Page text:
A constituent assembly (also known as a constitutional convention, constitutional congress, or constitutional assembly) is a body assembled for the purpose of drafting or revising a constitution. Members of a constituent assembly may be elected by popular vote, drawn by sortition, appointed, or some combination of these methods. Assemblies are typically considered distinct from a regular legislature, although members of the legislature may compose a significant number or all of its members. As the fundamental document constituting a state, a constitution cannot normally be modified or amended by the state's normal legislative procedures in some jurisdictions; instead a constitutional convention or a constituent assembly, the rules for which are normally laid down in the constitution, must be set up. A constituent assembly is usually set up for its specific purpose, which it carries out in a relatively short time, after which the assembly is dissolved. A constituent assembly is a form of representative democracy.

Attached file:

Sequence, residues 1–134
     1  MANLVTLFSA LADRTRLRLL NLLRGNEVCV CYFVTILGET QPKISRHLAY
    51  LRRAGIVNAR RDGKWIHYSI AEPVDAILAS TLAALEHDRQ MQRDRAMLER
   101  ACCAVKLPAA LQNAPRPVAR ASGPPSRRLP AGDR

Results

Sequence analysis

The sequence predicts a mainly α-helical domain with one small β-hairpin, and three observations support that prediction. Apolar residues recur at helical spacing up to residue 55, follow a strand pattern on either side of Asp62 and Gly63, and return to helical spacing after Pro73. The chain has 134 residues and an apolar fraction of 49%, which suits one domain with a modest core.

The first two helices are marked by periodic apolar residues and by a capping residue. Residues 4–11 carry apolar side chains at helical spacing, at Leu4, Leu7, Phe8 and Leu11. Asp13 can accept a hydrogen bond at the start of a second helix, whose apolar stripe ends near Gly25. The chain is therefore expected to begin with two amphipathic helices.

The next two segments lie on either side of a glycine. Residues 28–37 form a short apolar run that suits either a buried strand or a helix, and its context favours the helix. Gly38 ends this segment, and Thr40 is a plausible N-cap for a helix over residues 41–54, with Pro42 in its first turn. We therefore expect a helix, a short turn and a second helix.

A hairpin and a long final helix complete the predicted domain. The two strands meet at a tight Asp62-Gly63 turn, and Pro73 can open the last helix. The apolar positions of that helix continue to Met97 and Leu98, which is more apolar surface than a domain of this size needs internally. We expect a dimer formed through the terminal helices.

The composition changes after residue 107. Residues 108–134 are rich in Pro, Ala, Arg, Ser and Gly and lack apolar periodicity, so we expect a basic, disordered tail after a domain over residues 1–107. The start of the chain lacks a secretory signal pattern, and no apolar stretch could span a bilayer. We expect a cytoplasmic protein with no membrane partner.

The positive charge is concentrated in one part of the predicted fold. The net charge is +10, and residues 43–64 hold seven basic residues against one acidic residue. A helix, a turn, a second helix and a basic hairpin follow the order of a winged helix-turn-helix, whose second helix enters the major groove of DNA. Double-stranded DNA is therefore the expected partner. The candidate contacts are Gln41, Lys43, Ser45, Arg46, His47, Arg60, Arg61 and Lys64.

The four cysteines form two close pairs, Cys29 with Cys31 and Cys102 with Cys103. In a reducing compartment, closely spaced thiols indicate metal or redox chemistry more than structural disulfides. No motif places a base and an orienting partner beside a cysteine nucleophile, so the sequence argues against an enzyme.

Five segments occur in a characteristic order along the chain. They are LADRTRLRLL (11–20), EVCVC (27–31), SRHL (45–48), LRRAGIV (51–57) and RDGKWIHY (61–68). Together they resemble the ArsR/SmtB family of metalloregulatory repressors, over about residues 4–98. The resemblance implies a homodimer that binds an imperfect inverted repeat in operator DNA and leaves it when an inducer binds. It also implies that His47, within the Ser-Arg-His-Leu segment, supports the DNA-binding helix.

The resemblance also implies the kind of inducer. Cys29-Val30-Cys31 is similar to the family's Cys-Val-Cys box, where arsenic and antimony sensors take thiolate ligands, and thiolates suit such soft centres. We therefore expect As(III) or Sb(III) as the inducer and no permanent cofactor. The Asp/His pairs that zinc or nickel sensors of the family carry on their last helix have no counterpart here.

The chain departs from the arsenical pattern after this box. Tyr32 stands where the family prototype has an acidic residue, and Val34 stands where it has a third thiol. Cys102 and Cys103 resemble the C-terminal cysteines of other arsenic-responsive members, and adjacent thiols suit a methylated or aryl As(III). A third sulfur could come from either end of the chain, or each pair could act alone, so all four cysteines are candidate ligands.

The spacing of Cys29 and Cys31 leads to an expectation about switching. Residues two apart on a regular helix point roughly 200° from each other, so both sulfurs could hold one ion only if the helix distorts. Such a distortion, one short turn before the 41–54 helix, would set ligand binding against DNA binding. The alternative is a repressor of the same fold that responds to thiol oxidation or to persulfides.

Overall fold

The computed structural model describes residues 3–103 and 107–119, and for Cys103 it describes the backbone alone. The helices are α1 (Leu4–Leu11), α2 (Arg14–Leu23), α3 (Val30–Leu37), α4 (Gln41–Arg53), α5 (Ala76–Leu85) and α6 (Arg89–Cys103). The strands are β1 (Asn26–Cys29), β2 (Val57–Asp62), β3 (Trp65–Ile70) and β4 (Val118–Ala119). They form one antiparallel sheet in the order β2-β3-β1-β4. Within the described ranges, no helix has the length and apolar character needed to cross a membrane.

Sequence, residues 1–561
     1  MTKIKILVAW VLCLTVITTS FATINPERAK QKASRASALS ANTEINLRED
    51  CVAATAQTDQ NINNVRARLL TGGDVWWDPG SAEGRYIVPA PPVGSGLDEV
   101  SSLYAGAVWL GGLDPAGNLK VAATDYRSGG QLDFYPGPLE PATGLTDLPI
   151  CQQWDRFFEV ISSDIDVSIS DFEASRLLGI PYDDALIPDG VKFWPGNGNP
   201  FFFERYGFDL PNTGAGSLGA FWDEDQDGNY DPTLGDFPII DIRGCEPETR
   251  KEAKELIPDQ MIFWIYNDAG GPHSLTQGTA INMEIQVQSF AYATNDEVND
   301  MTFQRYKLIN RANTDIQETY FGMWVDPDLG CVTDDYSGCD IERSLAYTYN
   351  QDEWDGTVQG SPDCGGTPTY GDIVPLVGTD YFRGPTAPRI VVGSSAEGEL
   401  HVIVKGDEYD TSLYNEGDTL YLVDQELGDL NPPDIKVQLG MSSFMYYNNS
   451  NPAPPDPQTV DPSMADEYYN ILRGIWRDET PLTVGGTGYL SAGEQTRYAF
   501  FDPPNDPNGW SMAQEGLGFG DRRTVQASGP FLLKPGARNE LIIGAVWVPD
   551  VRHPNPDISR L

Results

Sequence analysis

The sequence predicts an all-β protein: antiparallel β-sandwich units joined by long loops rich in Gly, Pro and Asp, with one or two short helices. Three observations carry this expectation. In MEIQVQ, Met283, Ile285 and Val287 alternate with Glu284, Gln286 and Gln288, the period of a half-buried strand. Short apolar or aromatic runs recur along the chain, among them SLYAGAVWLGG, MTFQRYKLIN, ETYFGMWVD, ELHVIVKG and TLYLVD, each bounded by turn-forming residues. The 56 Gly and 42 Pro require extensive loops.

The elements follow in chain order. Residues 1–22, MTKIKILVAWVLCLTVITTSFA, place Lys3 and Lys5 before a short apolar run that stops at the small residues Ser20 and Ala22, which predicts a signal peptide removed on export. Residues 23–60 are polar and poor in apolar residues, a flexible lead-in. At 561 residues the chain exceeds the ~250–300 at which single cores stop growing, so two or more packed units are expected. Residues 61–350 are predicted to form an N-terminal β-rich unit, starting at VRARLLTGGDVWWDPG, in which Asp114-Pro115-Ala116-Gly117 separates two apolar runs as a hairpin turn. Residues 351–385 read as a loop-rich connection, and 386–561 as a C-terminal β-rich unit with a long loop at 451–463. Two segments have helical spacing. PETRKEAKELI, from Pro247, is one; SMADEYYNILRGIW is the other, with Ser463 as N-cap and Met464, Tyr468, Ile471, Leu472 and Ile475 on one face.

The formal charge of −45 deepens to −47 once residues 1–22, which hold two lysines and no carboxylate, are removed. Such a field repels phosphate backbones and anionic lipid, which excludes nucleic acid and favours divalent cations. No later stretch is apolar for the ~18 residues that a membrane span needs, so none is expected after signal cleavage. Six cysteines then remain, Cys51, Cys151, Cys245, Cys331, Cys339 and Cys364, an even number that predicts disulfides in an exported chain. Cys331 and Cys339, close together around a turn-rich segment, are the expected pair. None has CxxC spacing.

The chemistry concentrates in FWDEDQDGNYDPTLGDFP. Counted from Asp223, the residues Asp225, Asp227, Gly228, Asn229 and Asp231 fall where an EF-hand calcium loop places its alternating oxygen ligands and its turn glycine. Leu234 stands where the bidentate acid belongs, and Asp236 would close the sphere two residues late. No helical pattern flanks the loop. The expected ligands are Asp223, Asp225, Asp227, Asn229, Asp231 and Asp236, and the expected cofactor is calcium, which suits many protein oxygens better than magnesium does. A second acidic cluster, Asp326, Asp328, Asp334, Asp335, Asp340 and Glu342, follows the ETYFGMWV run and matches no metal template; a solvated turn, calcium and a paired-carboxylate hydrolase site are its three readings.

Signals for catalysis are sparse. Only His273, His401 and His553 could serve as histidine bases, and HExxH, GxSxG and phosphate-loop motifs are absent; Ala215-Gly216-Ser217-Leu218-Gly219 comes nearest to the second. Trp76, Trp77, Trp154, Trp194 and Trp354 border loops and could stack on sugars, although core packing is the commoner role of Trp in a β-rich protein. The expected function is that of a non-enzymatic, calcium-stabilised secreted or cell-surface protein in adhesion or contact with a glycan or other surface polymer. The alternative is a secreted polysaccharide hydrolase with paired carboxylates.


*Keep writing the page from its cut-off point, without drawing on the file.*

Unlike forms of constitution-making in which a constitution is unilaterally imposed by a sovereign lawmaker, the constituent assembly creates a constitution through "internally imposed" actions, in that members of the constituent assembly are themselves citizens, but not necessarily the political leaders, of the country for which they are creating a constitution. As described by Columbia University Social Sciences Professor Jon Elster:
"Constitutions arise in a number of different ways. At the non-democratic extreme of the spectrum, we may imagine a sovereign lawgiver laying down the constitution for all later generations. At the democratic extreme, we may imagine a constituent assembly elected by universal suffrage for the sole task of writing a new constitution. And there are all sorts of intermediate arrangements."